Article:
30,000 Sandy Victims Stuck in Bureaucratic Limbo

New York Times reports that the process of obtaining full compensation for losses is deliberately byzantine.

A Sandy-destroyed home in Long Beach's West End. (Photo: Joe Kellard)
A Sandy-destroyed home in Long Beach's West End. (Photo: Joe Kellard)

The New York Times published a lengthy report on the more than 30,000 residents who remain displaced from Hurricane Sandy — from Long Beach to Toms River, New Jersey — and are mired still in mind-boggling bureaucratic red tape and face financial ruin.

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The story highlights a few Long Beach residents, Kathryn Fitzgerald and her neighbors, Anne Walsh and Penny Ryan, on Delaware Avenue. Fitzgerald, whose two-story home was deemed “substantially damaged,” was offered just $71,000 on her federally subsidized flood insurance policy, and she opted to demolish her home, the property of which remains an empty lot. Fitzgerald said:

“This has been a horrendously hard year for me. If I don’t think of this in a way that is going to relieve the anger and upset, then I’ll just go back to crying every day.”

Walsh and Ryan, whose storm-damaged two-story home escaped the “substantially damaged” designation, were thereby not required to elevate their home above ground level but spent $200,000 to restore it and recouped an amount considerably less from flood insurance, the Federal Emergency Management Agency, and New York Rising Program, and now they face considerable debt.  

The Times also reports that in the areas in and around New York City, nearly half of residents who received assistance from the FEMA received less than $5,000, with most of those fund intended to cover housing and other emergency costs in the days and weeks after the hurricane struck. Moreover, government officials say the process of obtaining full compensation for losses is deliberately byzantine, designed to involve several steps and to frustrate efforts to game the system and to minimize fraud.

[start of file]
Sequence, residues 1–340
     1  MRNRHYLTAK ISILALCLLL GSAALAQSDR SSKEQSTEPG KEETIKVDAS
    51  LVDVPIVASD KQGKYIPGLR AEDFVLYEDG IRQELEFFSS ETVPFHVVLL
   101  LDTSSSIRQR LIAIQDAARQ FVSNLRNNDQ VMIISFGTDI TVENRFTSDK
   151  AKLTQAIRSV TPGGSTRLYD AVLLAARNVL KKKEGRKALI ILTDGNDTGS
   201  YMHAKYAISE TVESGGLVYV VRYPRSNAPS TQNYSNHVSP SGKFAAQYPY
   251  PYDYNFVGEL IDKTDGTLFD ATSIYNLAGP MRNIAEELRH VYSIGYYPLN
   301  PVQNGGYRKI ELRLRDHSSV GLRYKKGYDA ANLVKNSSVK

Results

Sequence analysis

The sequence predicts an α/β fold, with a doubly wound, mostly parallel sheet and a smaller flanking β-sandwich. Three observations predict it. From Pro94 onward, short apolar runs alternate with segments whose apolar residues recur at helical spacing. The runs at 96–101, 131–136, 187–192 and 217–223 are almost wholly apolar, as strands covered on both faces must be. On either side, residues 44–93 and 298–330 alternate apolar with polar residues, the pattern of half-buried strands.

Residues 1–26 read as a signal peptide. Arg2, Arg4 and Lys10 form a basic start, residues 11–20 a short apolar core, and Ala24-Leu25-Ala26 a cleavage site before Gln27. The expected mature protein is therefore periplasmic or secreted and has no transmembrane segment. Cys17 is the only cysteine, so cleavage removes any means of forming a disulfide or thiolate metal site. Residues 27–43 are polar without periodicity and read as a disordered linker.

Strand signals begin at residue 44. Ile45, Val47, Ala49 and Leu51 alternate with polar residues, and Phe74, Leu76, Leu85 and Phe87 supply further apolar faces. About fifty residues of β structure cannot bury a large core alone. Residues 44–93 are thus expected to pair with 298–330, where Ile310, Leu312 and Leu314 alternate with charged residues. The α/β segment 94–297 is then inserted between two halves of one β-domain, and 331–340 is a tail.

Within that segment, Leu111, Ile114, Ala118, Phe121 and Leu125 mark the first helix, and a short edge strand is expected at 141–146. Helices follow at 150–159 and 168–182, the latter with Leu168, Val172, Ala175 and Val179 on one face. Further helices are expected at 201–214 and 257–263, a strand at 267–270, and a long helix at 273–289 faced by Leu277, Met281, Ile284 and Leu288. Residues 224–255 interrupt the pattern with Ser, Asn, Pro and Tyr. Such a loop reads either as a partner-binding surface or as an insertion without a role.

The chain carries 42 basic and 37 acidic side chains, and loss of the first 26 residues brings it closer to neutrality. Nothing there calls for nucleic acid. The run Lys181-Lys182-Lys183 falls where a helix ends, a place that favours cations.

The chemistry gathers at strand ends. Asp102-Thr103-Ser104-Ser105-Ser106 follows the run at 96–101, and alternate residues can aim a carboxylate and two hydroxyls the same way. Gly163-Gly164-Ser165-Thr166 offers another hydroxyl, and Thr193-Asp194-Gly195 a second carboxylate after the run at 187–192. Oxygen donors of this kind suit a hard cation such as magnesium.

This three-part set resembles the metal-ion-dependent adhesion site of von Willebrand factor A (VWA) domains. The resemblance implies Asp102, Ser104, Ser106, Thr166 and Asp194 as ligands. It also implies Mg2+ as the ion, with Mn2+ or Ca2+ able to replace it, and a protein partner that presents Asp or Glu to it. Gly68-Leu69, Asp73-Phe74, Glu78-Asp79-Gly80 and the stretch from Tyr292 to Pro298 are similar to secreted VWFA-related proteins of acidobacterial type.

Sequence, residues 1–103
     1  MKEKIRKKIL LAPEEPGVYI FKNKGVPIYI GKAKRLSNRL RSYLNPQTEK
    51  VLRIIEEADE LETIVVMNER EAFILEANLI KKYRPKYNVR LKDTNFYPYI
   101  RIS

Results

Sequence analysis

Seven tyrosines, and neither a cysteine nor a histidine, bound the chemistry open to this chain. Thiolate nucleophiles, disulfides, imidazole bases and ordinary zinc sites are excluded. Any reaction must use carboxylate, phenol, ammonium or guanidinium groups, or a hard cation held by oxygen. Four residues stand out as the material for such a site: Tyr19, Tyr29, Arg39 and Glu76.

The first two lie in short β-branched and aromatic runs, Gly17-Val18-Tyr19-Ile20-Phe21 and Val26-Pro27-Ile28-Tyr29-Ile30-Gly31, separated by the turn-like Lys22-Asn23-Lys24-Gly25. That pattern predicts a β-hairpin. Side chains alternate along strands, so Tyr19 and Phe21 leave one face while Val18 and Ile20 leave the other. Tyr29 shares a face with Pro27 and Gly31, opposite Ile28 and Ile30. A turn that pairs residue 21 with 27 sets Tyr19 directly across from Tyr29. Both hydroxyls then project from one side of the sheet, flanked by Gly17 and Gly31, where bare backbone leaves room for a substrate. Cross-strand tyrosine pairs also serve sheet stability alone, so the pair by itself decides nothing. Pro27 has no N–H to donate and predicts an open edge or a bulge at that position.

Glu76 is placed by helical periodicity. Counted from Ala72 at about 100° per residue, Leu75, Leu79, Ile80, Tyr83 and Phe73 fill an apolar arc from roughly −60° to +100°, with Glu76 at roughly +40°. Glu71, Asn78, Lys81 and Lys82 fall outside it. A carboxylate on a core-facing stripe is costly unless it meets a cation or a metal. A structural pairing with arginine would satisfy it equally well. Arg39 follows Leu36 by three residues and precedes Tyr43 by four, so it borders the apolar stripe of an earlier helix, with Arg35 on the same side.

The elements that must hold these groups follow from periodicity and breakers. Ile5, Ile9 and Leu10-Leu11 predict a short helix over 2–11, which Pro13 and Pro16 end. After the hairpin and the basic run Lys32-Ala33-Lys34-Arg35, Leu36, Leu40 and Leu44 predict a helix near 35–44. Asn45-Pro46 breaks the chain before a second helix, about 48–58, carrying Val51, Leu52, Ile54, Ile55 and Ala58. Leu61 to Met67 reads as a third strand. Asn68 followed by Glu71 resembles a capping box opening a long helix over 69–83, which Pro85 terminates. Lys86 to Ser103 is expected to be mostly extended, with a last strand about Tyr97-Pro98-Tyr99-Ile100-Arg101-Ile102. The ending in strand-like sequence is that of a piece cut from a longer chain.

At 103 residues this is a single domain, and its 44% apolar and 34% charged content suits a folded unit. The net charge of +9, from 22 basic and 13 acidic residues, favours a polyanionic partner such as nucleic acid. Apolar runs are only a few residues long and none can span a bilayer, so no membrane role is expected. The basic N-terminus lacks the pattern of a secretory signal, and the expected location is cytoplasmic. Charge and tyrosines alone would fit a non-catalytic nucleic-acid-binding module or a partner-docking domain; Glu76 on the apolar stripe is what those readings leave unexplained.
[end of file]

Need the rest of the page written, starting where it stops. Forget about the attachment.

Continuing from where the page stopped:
The story also reports that state officials said last week that they had asked the Department of Housing and Urban Development to allow them to send more than $650 million directly to more than 6,600 homeowners before the end of the year.

Read the full story here.

Mike Cogg December 10, 2013 at 03:50 PM
Here is a question...why didnt FEMA just pay out the $250,000 on each flood policy instead of making this crazy process....seems to me if they just paid "fair value" to get everyone up and running again you wouldnt have to have three to four different places to go for money.... Cause at the end of the day its coming from the Gov't however you slice it....
Mike Cogg December 10, 2013 at 04:02 PM
And if i have to hear the comment one more time "the money is going to start flowing" im going to throw up....
Rory December 11, 2013 at 08:19 AM
Mike; The answer to your question was in the Times article "The process of obtaining full compensation for losses is designed to involve several steps and to frustrate efforts to take unfair advantage, as some were accused of doing after Hurricane Katrina struck in 2005, government officials say. They want everyone to give up and go away, I for one am not going to do that. I have to much invested in my home and my life here to just give up.
Jack December 11, 2013 at 09:45 AM
Unfortunately what happened is that some people overpaid for their homes . Others had subprime mortgages. Therefore they had very little equity in their homes and the insurance companies and even FEMA base their amounts on the value of the home and the equity level. This is what happens during a real estate craze. No one is guarunteed to make a profit in real estate. A similar situation is developing with college student loans. Kids have been fleeced into going to college and indebting themselves with essentially a second mortgage that they might not pay off and received a subpar college degree worth zero in return qualifying them to work in retail.
Mike Cogg December 11, 2013 at 04:12 PM
Ummm no....the insurance payout has nothing to do with the price of property but the amount it cost to rebuild it (contractors)...this is why we all got roughly 50-70k from Insurance cause they made one blanket payout instead of basing it on what it would actually cost to put back together...


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